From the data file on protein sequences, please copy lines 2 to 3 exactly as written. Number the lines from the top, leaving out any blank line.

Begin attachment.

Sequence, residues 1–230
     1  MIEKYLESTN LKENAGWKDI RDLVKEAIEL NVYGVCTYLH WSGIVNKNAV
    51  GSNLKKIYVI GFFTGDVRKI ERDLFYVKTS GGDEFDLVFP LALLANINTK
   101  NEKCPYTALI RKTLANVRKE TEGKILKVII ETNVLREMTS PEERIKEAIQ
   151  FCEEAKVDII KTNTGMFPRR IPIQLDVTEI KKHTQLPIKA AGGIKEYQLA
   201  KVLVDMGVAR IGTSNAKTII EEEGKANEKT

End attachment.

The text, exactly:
     1  MIEKYLESTN LKENAGWKDI RDLVKEAIEL NVYGVCTYLH WSGIVNKNAV
    51  GSNLKKIYVI GFFTGDVRKI ERDLFYVKTS GGDEFDLVFP LALLANINTK